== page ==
What are we to do when managing input costs? There are not as many options for input cost risk management as there are for commodity price risk management. It is possible to use the futures market to hedge fuel, and to pursue some creative cross-hedging for other inputs, but there are certainly fewer direct options. The lack of risk management tools for input costs has a lot of folks turning to the idea of ‘what to cut first’, i.e. cost management. We’ll spend a lot of time over the spring diving into specific input categories, but there are a few rules of thumb that can help in any cost management situations.
The first, and in my opinion most import, rule of thumb is to visit with an agronomist and/or crop consultant before making input decisions. Economists can help with the idea of balancing costs and revenues, but agronomists will be able to add context to optimal yield calculations and will likely prevent a disaster from overdoing in on reducing the use of a particular input.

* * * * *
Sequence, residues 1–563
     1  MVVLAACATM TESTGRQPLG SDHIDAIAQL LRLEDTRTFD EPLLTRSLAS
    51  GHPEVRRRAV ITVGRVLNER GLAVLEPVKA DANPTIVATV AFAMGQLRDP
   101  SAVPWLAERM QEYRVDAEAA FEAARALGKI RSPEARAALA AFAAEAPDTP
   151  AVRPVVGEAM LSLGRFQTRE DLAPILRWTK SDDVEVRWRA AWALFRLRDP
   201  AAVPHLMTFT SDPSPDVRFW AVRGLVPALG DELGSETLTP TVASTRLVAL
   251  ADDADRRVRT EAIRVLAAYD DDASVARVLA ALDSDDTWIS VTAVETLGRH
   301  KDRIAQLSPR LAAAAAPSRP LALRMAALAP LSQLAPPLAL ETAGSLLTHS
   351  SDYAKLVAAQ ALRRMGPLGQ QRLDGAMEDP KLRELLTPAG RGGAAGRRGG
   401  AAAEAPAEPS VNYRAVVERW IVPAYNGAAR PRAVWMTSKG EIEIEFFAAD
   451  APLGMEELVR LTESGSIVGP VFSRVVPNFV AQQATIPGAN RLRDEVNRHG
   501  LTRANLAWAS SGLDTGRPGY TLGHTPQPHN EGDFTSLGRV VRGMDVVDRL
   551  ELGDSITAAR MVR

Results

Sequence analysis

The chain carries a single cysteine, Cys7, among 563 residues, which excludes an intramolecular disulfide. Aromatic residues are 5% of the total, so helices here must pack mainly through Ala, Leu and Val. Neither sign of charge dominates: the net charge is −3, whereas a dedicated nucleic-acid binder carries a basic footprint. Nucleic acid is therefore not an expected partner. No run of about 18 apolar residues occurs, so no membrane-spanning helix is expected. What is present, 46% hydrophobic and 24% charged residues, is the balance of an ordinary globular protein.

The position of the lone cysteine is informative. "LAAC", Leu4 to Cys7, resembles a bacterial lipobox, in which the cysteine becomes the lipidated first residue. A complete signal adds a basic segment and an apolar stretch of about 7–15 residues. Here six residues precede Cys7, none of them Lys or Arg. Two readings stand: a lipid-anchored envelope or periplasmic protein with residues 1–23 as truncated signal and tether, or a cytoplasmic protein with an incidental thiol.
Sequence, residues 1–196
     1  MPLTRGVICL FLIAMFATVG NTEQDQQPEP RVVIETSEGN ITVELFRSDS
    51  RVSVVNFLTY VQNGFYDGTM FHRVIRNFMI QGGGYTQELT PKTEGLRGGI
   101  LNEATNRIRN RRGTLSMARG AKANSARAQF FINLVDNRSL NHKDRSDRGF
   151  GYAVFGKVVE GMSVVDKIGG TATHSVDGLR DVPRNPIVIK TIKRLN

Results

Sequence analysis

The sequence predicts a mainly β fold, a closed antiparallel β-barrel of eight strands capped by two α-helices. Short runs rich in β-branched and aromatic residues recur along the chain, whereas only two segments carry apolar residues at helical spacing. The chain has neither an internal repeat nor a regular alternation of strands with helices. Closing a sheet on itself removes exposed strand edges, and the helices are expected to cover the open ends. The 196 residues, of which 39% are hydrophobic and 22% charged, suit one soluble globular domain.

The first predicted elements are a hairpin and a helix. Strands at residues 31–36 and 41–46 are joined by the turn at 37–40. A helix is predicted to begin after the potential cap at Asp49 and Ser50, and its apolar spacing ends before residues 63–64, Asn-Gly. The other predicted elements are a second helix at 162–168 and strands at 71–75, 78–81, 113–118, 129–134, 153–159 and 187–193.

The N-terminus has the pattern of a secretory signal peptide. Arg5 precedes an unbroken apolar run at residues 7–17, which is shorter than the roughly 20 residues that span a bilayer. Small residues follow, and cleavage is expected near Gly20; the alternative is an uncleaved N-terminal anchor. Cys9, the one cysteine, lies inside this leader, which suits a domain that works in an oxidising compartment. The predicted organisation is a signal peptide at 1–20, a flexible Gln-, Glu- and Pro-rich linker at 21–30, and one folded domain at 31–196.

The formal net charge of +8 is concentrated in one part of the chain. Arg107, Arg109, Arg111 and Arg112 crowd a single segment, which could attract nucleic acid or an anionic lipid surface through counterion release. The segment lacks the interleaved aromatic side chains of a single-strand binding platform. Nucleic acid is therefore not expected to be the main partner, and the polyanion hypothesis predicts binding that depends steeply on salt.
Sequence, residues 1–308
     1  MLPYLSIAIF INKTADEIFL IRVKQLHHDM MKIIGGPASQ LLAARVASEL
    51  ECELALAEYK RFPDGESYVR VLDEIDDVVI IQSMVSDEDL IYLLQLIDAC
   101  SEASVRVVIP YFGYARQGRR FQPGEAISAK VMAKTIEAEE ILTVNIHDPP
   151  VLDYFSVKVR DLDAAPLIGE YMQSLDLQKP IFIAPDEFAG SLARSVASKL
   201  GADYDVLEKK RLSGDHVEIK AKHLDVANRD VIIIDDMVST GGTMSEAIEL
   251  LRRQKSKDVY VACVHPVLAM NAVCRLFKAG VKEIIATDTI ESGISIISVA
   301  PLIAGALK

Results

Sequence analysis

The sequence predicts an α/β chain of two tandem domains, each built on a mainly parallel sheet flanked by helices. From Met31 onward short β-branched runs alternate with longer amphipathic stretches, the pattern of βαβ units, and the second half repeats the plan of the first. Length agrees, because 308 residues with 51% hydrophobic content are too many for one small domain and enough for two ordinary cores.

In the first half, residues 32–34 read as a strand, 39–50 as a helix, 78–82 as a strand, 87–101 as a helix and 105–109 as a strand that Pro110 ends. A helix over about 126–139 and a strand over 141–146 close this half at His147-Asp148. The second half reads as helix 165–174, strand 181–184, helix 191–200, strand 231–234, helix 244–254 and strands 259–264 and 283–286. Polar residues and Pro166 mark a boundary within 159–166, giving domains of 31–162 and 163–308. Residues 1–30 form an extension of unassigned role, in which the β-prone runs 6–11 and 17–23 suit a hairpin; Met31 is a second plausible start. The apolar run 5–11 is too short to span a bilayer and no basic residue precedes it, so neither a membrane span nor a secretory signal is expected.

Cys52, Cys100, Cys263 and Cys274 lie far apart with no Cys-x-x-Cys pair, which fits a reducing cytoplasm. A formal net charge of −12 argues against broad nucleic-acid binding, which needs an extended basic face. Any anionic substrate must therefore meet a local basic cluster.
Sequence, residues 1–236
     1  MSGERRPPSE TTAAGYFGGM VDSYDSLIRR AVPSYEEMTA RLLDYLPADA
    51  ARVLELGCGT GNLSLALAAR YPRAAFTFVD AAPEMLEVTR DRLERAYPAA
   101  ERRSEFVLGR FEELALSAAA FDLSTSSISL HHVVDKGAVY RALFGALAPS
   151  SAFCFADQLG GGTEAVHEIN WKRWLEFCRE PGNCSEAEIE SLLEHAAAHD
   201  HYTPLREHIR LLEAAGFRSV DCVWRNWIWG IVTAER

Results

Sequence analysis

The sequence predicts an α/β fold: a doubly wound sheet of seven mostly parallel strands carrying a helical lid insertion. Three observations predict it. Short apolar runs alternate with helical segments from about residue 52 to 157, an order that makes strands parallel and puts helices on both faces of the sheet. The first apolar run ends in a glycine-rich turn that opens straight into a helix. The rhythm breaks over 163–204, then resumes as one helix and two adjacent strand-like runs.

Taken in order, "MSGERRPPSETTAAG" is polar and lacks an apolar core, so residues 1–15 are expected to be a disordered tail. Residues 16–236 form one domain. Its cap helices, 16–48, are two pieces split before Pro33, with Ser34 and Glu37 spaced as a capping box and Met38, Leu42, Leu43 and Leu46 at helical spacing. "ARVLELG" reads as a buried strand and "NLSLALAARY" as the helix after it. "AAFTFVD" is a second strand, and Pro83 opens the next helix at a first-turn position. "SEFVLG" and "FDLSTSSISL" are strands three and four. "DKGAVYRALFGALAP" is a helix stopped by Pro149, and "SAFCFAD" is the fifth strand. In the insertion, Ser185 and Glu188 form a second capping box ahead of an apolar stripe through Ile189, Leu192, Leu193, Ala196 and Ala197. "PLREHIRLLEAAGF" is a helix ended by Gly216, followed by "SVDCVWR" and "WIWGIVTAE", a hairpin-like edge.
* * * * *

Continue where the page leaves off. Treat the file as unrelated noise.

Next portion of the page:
Second Rule of Thumb
After getting the ok on your decision making from an agronomist, the second rule of thumb is to identify what inputs take up the greatest portion of your budget. Gaining efficiency (lower application rates, targeted application, negotiating for lower prices, etc.) in cost categories that account for the greatest share of expenses will create relatively larger improvements toward profitability.